Monday, October 26, 2009

The joy of macroeconomics

Apropos of nothing here is a great quote from Willem Buiter (& not just for the allusion to Winnie the Pooh):
"Never mind that anyone providing point forecasts of anything without also offering at least some information about of the rest of the probability distribution of future outcomes (variance, skewness, kurtosis, single-peakedness etc) is either a fool, a knave (or both) or caters to an audience consisting of bears of very little brain."
I wonder is there any chance that some of our local macroeconomic experts ( & the hacks who lap up these forecasts) like to take this on board?


Liam Delaney said...

Ok Kevin but be somewhat fair. How do you communicate kurtosis to the Six One News in the 30 second slot you have been given? Possible but certainly not trivial. I have never worked as a forecaster but I have been asked to talk about my work in national media. You have some chance on radio and in print media. But once you are on telly (rare for me thankfully) you have about 30-60 seconds to say your bit.

Mark McG said...

I have enough issues with the first moments of these forecasts. It's impossible to evaluate the validity of a model and its predictions without a discussion of the underlying assumptions and parameterisation. I understand why it’s not possible to debate this on the national airways, but I would like to hear more, perhaps at one of the conferences on economic recovery. Out of curiosity I tried to find concrete details of how HERMES works on the ESRI website, but couldn’t find anything. To be fair to them I presume it’s there somewhere. I’m just surprised that given the current climate, when it’s entirely possible that the nature of some of these macro variables have changed substantially, there isn’t more debate on the assumptions as opposed to the kind of vague discussions we seem to be having. Some sensitivity analysis too please.

Kevin Denny said...

I don't think any of us care about kurtosis although I look forward to saying "lepto-kurtic" the next [& probably last] time I am on the telly. But it is possible to say "We think that growth will be 6.5% plus or minus 2%" or "The ESRI says.." as the case may be. The conspiracy theorist in me says that the forecasters might prefer people not to know just how wide the intervals are. I don't know.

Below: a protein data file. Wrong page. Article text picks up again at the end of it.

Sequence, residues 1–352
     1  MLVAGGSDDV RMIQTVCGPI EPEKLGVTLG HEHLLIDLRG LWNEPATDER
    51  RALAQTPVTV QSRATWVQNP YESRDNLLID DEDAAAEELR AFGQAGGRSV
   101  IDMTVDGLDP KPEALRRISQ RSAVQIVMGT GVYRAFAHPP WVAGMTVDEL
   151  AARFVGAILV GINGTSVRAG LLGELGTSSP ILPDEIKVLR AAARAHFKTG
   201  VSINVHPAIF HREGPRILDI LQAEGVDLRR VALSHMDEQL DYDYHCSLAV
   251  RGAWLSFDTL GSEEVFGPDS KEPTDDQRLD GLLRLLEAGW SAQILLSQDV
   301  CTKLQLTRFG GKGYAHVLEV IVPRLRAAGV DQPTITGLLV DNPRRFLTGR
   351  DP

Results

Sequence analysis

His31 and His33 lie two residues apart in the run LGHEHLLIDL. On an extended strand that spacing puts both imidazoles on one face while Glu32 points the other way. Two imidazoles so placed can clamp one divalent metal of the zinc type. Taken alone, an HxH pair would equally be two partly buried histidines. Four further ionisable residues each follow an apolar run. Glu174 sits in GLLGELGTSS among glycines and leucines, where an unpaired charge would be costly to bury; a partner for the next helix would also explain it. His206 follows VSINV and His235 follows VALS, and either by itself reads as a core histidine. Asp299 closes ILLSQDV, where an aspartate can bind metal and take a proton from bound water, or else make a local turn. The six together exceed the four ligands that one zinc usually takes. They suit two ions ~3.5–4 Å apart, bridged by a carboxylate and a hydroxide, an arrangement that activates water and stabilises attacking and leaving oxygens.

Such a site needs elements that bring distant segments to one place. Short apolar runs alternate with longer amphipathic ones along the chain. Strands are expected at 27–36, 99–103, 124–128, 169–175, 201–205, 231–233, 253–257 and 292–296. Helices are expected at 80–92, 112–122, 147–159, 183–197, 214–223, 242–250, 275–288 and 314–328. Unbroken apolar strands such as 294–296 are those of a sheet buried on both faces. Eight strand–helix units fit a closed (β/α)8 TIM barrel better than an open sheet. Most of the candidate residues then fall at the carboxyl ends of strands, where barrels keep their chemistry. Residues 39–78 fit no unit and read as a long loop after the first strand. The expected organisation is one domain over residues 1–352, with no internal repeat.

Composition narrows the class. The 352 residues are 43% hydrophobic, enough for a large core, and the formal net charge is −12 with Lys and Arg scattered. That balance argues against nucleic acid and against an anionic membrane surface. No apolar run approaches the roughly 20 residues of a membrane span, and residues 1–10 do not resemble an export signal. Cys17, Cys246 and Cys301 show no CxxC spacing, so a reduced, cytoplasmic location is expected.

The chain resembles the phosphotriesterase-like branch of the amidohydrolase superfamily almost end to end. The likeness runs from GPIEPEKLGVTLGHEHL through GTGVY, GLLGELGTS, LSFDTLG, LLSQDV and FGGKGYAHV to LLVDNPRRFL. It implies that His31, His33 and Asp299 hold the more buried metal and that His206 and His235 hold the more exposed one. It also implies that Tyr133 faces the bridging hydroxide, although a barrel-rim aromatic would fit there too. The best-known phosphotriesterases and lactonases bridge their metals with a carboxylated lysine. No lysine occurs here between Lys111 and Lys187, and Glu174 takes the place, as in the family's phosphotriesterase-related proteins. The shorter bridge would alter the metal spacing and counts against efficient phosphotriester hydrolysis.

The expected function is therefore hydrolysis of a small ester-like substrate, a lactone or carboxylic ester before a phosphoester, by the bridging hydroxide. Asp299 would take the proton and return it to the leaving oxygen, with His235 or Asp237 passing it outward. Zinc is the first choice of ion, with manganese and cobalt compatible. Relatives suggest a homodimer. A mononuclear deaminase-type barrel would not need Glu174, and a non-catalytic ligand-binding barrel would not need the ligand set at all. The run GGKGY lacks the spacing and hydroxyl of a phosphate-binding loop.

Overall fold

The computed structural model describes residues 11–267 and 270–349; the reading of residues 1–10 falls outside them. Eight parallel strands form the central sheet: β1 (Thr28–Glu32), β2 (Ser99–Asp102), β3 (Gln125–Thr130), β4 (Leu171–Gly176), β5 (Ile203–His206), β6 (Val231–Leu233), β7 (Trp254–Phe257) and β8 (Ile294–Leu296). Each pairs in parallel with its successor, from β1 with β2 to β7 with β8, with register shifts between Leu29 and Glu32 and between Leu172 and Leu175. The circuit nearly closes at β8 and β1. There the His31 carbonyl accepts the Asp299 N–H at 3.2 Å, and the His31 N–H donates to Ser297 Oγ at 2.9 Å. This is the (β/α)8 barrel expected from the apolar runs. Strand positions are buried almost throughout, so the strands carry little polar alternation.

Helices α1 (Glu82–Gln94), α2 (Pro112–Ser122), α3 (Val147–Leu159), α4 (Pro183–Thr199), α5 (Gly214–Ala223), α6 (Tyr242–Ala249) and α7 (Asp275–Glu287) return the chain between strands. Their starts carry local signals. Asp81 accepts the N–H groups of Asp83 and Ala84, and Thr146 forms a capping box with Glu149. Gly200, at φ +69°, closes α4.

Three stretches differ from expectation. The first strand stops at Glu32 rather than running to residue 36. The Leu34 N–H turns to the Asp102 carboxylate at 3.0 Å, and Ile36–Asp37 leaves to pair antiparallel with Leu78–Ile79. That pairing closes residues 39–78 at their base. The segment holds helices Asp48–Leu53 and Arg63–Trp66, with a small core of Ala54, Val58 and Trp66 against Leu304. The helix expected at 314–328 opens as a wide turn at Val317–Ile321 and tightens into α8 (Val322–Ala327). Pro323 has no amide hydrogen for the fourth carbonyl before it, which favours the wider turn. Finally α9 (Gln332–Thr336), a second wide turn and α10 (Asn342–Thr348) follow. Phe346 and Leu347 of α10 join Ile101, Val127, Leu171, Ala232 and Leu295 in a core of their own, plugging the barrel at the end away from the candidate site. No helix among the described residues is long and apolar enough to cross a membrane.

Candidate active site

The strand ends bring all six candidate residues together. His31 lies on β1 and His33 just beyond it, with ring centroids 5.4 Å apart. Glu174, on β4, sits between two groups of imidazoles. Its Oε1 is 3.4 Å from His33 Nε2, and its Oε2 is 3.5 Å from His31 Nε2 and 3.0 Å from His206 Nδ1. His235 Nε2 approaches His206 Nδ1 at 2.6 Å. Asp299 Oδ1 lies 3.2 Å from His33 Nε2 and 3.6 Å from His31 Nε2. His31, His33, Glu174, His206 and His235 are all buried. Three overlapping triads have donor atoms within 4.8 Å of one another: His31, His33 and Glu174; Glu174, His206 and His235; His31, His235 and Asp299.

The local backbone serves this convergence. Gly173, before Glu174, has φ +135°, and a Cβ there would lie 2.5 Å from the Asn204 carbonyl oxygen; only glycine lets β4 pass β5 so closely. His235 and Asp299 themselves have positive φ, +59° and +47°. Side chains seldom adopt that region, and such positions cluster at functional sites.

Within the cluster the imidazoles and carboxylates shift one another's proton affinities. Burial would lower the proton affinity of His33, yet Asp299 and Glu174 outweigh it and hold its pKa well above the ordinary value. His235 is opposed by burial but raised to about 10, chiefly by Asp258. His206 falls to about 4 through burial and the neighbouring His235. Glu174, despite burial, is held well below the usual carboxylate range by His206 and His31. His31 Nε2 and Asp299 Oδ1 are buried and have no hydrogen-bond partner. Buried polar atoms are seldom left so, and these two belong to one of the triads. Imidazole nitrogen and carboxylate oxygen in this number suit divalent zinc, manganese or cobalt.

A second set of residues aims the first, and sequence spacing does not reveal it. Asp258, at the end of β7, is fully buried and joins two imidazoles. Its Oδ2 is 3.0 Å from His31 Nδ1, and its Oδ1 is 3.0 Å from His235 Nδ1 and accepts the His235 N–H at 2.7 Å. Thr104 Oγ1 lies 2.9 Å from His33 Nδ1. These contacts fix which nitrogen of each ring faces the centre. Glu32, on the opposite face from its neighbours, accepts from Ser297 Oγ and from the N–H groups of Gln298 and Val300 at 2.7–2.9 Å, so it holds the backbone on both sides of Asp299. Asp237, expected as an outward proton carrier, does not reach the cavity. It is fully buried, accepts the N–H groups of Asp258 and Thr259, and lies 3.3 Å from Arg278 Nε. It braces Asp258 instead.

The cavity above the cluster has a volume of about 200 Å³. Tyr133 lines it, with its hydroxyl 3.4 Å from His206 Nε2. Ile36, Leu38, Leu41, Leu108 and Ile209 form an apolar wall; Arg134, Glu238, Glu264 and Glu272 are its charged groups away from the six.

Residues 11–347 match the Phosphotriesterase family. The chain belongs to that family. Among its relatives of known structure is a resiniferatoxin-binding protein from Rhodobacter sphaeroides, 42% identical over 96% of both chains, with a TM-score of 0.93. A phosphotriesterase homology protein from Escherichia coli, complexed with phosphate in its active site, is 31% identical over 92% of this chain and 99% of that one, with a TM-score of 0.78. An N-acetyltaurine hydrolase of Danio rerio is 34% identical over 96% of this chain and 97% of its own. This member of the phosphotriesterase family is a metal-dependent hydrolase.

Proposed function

In fact when political opinion polls are quoted they routinely refer to sampling error. Why not in this context? Its simply about being honest.
So when the forecasters make their statements they should specify confidence intervals. Its then up to the media whether they want to mention them. The good one's will.
Broadcast media, in any event, is not representative in general as there is much more scope in print media for details like this.

Liam Delaney said...

mark - there are papers outlining the assumptions of HERMES. the medium term reviews always include sensitivity analysis.

Mark McG said...

Thanks Liam, I’ll have a look. I don’t doubt the quality of the forecasts, I only meant that as a non macro person I’d like to hear more specific discussion on this. And by sensitivity analysis I don’t doubt it’s there I was only getting at Kevin’s point that the way the media tend to report a single point estimate can be misleading